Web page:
(WASHINGTON) — Just after midnight Saturday, the unionized workers of the St. Lawrence Seaway Management Corp. (SLSMC) went on strike, resulting in the shutdown of Canadian portions of the St. Lawrence Seaway.
This is the first time the Seaway has shut down since 1968. Negotiators from the SLSMC and UNIFOR, the workers’ union, had attempted to reach agreement on a new employment contract for several months. The union gave 72-hour strike notification on Wednesday as required under Canadian law.
While many vessels were able to leave the system prior to the shutdown, almost 100 ships are currently impacted – unable to sail east or west through the waterway – depending on their destination. Many have gone to anchor and are awaiting a hopeful resolution of the contract so they can resume their voyages.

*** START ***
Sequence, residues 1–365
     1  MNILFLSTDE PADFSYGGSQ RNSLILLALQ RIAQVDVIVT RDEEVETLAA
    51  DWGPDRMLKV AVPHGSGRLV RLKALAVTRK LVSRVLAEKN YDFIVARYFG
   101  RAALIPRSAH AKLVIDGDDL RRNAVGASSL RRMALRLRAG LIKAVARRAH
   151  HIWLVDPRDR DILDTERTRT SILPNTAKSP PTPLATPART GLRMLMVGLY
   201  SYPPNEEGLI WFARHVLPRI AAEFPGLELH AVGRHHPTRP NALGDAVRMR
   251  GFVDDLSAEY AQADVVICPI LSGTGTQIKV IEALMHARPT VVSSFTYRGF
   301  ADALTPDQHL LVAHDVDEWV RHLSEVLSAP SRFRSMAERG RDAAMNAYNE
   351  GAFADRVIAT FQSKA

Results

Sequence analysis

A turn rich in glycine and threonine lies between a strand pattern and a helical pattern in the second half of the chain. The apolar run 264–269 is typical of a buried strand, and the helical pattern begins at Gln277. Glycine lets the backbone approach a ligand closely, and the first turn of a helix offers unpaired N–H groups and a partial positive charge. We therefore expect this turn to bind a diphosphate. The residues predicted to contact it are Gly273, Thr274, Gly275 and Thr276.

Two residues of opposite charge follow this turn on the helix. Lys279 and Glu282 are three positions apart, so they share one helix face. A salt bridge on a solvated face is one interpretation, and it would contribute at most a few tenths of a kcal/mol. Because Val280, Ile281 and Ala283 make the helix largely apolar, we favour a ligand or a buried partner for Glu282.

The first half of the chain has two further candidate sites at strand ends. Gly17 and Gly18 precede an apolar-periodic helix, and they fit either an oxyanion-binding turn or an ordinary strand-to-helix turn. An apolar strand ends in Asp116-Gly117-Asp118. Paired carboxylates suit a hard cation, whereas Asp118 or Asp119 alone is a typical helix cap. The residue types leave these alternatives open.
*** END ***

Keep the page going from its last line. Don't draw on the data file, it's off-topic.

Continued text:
Negotiations are continuing daily in an effort to resolve the strike and reopen the Seaway.
As a separate matter, the SLSMC has filed an application with the Canadian Industrial Relations Board (CIRB) asking that Section 87.7(1) of the Canadian Labour Code be applied to this situation. This provision of law gives preferential treatment to grain shipments.
Should the CIRB rule in the SLSMC’s favor, employees would be required to come to work and provide normal service to vessels carrying grain. It is not known how long it will take for the CIRB to issue a ruling.
– American Great Lakes Ports Association